Let’s make Edd’s Lemon Cherry Icebox Cake! Here’s what you’ll need:
• Edd calls for sour cherries in this recipe. Sour cherries are so elusive that they’re often only found frozen. Even frozen sour cherries are hard to come by. For this recipe I’ll do as Edd suggests, use regular frozen cherries and add a few extra tablespoons of lemon juice for tartness. I haven’t tested this recipe with fresh cherries. The recipe relies on the cherries being fairly juicy so my guess is that fresh cherries would need to be cooked down significantly to coax out more liquid.
• Kirsch or Luxardo liqueur to cook down the cherries with flavor.
• Mascarpone cheese, smooth and lightly sweet.
• Heavy cream that we’ll whip into soft and fluffy whipped cream.
• Lemon curd and its creamy tartness.
• Graham crackers that will soften to cake-like after a few hours. It’s a wonder really!
Simmer together cherries, liqueur, sugar, and lemon juice until the fruit softened and the cherries release a lot of juice.
Remove the softened cherries to a medium bowl and return the pan of juice to the stovetop. Simmer on low until the syrup is reduced to about 1 cup.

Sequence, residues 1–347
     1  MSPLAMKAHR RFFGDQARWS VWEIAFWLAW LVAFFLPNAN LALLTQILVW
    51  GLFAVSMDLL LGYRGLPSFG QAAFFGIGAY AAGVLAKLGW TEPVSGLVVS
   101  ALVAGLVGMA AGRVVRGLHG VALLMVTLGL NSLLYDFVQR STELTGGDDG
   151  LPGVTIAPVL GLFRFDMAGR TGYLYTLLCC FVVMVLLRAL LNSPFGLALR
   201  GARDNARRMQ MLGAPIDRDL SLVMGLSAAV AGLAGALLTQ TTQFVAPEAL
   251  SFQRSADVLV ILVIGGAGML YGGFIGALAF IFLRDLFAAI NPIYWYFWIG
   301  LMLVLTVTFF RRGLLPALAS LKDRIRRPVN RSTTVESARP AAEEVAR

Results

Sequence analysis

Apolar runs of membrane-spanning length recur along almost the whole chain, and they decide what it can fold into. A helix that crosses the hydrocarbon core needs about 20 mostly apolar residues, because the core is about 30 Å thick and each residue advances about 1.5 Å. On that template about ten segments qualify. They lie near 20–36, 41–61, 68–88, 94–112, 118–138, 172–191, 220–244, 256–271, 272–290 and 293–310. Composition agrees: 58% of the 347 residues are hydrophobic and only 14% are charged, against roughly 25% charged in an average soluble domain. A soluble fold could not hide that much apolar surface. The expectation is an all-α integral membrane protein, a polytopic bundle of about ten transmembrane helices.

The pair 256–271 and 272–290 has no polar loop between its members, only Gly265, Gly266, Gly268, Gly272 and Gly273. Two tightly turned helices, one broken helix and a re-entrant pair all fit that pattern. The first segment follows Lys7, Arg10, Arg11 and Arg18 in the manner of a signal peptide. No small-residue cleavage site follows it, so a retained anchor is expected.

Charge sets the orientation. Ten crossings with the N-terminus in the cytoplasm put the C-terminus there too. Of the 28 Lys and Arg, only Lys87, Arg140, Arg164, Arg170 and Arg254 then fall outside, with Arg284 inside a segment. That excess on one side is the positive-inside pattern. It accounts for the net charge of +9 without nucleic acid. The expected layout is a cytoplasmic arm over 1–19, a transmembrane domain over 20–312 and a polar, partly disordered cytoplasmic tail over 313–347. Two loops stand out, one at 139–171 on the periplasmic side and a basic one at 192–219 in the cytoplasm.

Stir a few tablespoons of syrup into the corn syrup, creating a slurry.
Stir the slurry back into the syrup until it thickens nicely.
You’ll notice that it’s thick enough to coat the sides of the pan. Pour the thickened syrup over the cherries. Allow to cool slightly before covering with plastic wrap and refrigerating until completely cool.
Next we’ll make mascarpone whipped cream.
You may find it easiest to smooth and whip the mascarpone first before adding the heavy cream. Whip together to incredibly soft peaks.
Add lemon curd. Oh yes.
Whip to proper soft peaks. The whipped cream will just start to thicken and hold streaks.
And now we layer!
A thin layer of cream topped with a layer of graham crackers. Break the crackers as needed to fit in the pan edge to edge.